Increase Value and Profitability During Peak Season
Originally published on January 26, 2015
Updated on August 16th, 2022
Most CPAs in public practice will be in busy season for the next two and half months. This can be a stressful time because of the sheer volume of work that enters our front door for both audit and tax. All too often we toss aside our best practices and proactive measures to instead operate in a reactive fire-drill mode just to keep our heads above water.
At this point, it would be difficult to suggest any CPA firm begin re-working their processes to improve how they do things, and I imagine any CPA firm would think I’m crazy to make such a suggestion. However, there are some very basic things that you can do to eliminate wasteful activities in the short-term without spending time analyzing your processes (an activity that can wait until after our peak season). Continue reading to learn about the top 4 things you can do to increase value and profitability during peak season.
- Don’t do anything that doesn’t add value. If the client isn’t willing to pay for it and it’s not required by standards or regulations then don’t do it. As an industry, we tend to waste our time doing things because of our own personal preferences, whether it’s creating a nice looking work paper, printing unnecessarily, or chasing that $1 (or $10) rounding issue. Let it go! Workpapers need to be functional and someone else needs to be able to follow what you’ve done, nothing more. Further, in reality no one cares if we’re off a dollar. Could you imagine telling your client that you had to bill an extra $50 so you could find that dollar!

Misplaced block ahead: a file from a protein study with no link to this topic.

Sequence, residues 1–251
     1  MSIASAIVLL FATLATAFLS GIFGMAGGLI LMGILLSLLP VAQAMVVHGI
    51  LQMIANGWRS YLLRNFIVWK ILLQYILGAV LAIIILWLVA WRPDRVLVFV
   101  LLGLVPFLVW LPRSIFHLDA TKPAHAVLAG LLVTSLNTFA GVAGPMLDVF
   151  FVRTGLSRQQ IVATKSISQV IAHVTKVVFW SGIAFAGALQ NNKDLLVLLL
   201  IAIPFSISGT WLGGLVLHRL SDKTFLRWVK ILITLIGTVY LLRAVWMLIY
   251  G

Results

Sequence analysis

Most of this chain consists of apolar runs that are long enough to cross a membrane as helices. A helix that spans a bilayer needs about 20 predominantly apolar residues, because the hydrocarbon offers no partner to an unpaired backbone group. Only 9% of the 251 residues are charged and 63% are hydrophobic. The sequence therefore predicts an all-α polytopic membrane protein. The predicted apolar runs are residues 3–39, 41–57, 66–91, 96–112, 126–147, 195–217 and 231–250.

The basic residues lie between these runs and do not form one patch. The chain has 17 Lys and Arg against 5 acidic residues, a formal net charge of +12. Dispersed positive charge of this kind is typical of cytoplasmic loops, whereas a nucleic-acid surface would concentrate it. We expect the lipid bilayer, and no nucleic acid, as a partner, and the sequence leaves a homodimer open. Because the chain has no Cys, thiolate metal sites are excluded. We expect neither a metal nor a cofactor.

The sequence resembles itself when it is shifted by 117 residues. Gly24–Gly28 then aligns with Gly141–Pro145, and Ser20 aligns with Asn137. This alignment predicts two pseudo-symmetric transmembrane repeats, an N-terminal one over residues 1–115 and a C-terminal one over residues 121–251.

- Move work to less busy times. Generally CPA firms are busier from March 15th through April 15th. That’s not to say you’re not already busy now, but perhaps it’s a little lighter. We all have clients that extend every year no matter what. Why not do the extension and projection now? Generally around January 15th we start working on extensions we know will happen so we don’t have to worry about cramming those in around mid-April. When you’re tired and moving too quickly you can make mistakes and those mistakes cost you and your client.
- Stop emailing so much! I believe emails are a huge waste of time. Think about this scenario, you email your client a question and they misunderstand it so they respond incorrectly. Then you have to clarify and they email you back to make sure they understand. You respond and they email what you need but it isn’t everything, so you have to email them yet again. Before long 15, 20, 30 minutes or more has been spent on something that could have been handled in a five minute phone call. If you’ve promised your client a set price on the tax return, that time is eating into your profitability and taking time away from clearing your backlog of work.
- Send your client a list of what you need and follow up with a phone call to make sure they understand the list. This can help you avoid receiving incomplete or incorrect data. When we receive data we spend time picking up and putting down the audit, review, compilation or tax work. Every time you pick it up again, you spend more time trying to figure out where you previous left off.
These are just a few little things that can help decrease a substantial amount of time. Imagine what a more comprehensive analysis of your processes could yield in terms of value and production efficiency.
Learn more about Lean Six Sigma and how these methodologies can improve client service while adding value to your CPA firm.
About the Authors
Mike Sibley and Katie Davis are passionate about creating thorough and sustainable systems to help organizations become Lean Enterprises. In addition to writing and speaking on Lean Six Sigma, Mike and Katie work directly with an organization’s members to evaluate an existing process and identify solutions that eliminate waste, as well as build efficiency and quality into the process. Mike and Katie have applied these approaches for manufacturing, construction, professional services, and governmental entities.
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